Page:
Smoke Signals From Davidoff
Just like Churchill, Austrians enjoy the good things in life
With the spectre of a new smoking ban effective as of Jan. 1, 2009, cigar lovers from all over Vienna gathered on Nov. 6 to celebrate the launch of a new cigar line by Davidoff. The first Cuban cigar launch since the 1980s, the four new cigars have been named after Britain’s great wartime prime minister Winston Churchill, and are among the most exclusive of their kind.
So it was "British Night" at the Freudenau race track in Vienna’s 2nd District. Visitors were greeted by chummy tang of cigar smoke, a slightly spicy aroma accompanied by a hint of coffee, and chocolate, suggesting the prosperous comfort of a winged chair and a crackling fire. The dim orange and purple light draped a mantle of elegance over the exclusive event, where whiskey, Twinnings tea and English meats accompanied the cigars. A fencing demonstration rounded out the honors to one of Britains’ most famous personalities.
"He was a man of simple taste…, easily satisfied with the best," a friend once said of Churchill, the aristocrat with a weakness for exquisite food, Champagne, Malt whiskey, and Cuban cigars. Over seventy years – he got into the habit of smoking during a stay in Havana, Cuba at the age of 21 – he is said to have smoked about 250,000 cigars altogether, a remarkable feat.
In fact, smoking was such a necessity to Churchill that he commissioned the construction of an oxygen mask for high-altitude flights in a non-pressurized cabin that would allow him to smoke while airborne. On another occasion, he succeeded in convincing the Saudi Arabian king, a man very much averse to smoking, that it was his sacred right to drink and smoke before, during, and after each meal.
In times of increased awareness of the dangers of smoking, one might wonder how such a man lived to the ripe old age of 91.
The reason might have been sports, or "no sports," as he sarcastically told a naïve journalist on the occasion of his 90th birthday. Even though he became famous for this statement, Churchill was a passionate sportsman in his youth, enjoying horseback riding – especially polo – boxing, and as we saw that evening, fencing.
Thus it was that former Olympian and European Champion Christoph Marik and world championship competitor Albin Rentenberger were engaged to perform for the guests, who were treated to the delicate maneuvers of the epee, perhaps to remind us that Churchill had also once said that "no hour spent with practicing sports is a lost one."
Founded by the Davidoff family, Jewish tobacco merchants from Imperial Russia, in Geneva in 1912; the Davidoff company began as a small tobacconists shop. It grew into a successful enterprise during and after World War II. Neutrality spared Switzerland from most of the economic turmoil that brought the rest of Europe to its knees, and turned into a haven for the wealthy - in this case, the connoisseurs of good cigars.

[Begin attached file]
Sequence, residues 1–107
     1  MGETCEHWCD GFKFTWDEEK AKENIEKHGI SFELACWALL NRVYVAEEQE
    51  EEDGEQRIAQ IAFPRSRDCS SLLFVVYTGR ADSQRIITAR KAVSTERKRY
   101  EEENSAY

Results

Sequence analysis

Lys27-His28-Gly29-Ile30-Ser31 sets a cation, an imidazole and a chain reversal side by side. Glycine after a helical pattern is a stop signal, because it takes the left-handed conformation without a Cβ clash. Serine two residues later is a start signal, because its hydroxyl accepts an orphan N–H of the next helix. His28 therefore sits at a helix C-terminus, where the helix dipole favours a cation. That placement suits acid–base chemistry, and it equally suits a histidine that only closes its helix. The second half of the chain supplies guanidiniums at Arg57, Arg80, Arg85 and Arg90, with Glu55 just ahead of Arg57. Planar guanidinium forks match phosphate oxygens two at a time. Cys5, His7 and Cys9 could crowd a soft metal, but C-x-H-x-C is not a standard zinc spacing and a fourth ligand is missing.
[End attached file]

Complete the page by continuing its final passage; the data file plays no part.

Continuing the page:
After marketing Cuban cigars for decades, scion Zino Davidoff was approached in 1967 by Cubatabaco, the Cuban national tobacco monopoly, beginning a long partnership that ended only in the late 1980’s with a dispute over quality. For the next two decades, Davidoff cigars were made exclusively in the Dominican Republic.
The Winston Churchill line, for which the company has acquired exclusive rights from the Churchill family, is more select that their other lines. Made of tobacco grown on plantations in the Dominican Republic, Peru, Nicaragua, and Ecuador from Cuban seeds, they are wrapped in dark, sun-grown tobacco leaves from Ecuador. It appears to be a happy partnership.
"Inspired by [Sir Winston’s] philosophy of life, I was fascinated by the idea to create an extraordinary cigar, one that would deserve to carry the name of probably the most famous cigar aficionado of all time," Winston Churchill’s grandson, Winston S. Churchill, explained.
"We are pleased with the Churchill family’s trust in us," DavidoffCEO Reto Cina said in a press release.
Winston Churchill cigars are available in four sizes, named after important places in the former British Prime Minster’s life. The "Blenheim" is named after the palace where Churchill was born in 1874; "No. 10" after the British Prime Minister’s residence on Downing Street, "Chequers" after the prime ministerial country estate, and "Marrakesh" after the Moroccan city, where Churchill loved to go to paint, explained Austrian representative of Davidoff, Isabella Benda to the assembled guests.
For Oettinger Davidoff, Winston Churchill represents the company’s values perfectly: indulgence, exclusive taste, and top quality.
"Austrians enjoy the positive things in life, just like Winston Churchill," Benda said. "We’ve noticed that Austrians, unlike customers in other countries, still treat themselves."
And that is why the Viennese were the first to light up the Churchill cigars.